To determine whether the different effects of ROCK isoforms on 2D migration were similar in 3D invasion, PC3 cell invasion through Matrigel-coated transwells was analyzed. RhoA suppression increased invasion, whereas RhoC silencing reduced invasion (Fig. 4 C). As a control, RhoB depletion did not affect invasion. Only the simultaneous knockdown of ROCK1 and ROCK2 increased invasion, which is consistent with both being required for RhoA-mediated responses. To analyze the effects of ROCKs on morphology in 3D, PC3 cells were embedded in Matrigel. They mostly formed spherical groups of cells with cell–cell interactions (Fig. 4 D), in contrast to their single cell morphology in 2D. The morphology of cancer cell groups in 3D is indicative of their invasive potential and tumorigenicity (Kenny et al., 2007). Groups of RhoA-depleted cells had a more disorganized morphology with multiple dynamic extensions compared with control or RhoC-depleted cells (Fig. 4, D and E; and not depicted). Again, simultaneous ROCK1 and ROCK2 depletion induced a phenotype most similar to RhoA suppression (Fig. 4 E). RhoA-depleted cells also had an elongated morphology when embedded in a collagen I/Matrigel mix (Fig. S2 F).
The different roles of ROCK1 and ROCK2 downstream of RhoA could reflect differential localization in cells. We have not been able to detect endogenous ROCK1 or ROCK2 with the antibodies available. GFP-ROCK1 expressed at low levels showed a uniform distribution on the plasma membrane (Fig. S3 C). It is possible that active ROCK1 is preferentially localized to tails, but so far there is no method to localize active ROCK proteins. RFP-ROCK2 was enriched in protrusive areas in control or RhoA knockdown cells, which is consistent with a role in regulating protrusion.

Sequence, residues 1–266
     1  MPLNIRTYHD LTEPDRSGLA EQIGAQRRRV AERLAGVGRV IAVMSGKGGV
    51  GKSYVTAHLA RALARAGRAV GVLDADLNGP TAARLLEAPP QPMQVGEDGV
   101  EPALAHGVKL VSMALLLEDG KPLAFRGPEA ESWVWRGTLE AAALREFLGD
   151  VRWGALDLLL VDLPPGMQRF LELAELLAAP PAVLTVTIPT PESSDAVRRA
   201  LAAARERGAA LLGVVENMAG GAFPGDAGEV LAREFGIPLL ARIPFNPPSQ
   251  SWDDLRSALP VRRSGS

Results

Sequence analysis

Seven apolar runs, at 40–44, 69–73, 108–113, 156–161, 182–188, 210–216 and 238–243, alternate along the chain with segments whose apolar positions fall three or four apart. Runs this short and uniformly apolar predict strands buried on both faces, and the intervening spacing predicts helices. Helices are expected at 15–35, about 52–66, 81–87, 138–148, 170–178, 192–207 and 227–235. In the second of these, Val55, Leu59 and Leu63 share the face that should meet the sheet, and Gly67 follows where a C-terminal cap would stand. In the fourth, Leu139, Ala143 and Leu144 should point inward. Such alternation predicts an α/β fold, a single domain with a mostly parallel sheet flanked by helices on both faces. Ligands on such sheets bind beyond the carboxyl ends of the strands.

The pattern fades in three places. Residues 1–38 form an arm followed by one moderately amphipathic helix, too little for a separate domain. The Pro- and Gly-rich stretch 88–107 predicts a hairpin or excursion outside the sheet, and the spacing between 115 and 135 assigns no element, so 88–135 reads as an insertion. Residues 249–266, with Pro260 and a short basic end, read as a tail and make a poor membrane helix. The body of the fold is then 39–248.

The observation that ROCK2-depleted cells had unpolarized protrusive activity implies that ROCK2 normally acts to suppress Rac1 activation in protrusions. RhoA is active at the front of lamellipodial protrusions (Pertz et al., 2006; Machacek et al., 2009; Heasman et al., 2010), and it could therefore locally inhibit Rac in this region through ROCK2. When RhoA or ROCK2 levels are reduced, Rac1 can be active in more areas because of a lack of RhoA/ROCK2-mediated suppression, leading to multiple protrusions. In contrast, ROCK1 function appears to be restricted to tail retraction. Some RhoA-depleted cells transiently showed a tail retraction defect, but this phenotype was much stronger in ROCK1-depleted cells. RhoA is transiently activated in tails before retraction (Pertz et al., 2006; Heasman et al., 2010). The migratory phenotype of RhoA-depleted cells therefore reflects a combination of decreased ROCK1-mediated tail retraction and ROCK2 inhibition of Rac1-driven protrusions. The enhanced ability of RhoA/ROCK-depleted cells to invade through Matrigel correlates with their elongated morphology, which based on our results is likely to reflect increased Rac1 activation in the long invasive protrusions. This could be associated with production of matrix-degrading proteases required for invasion (Sahai, 2005).
ROCK2 regulates directional migration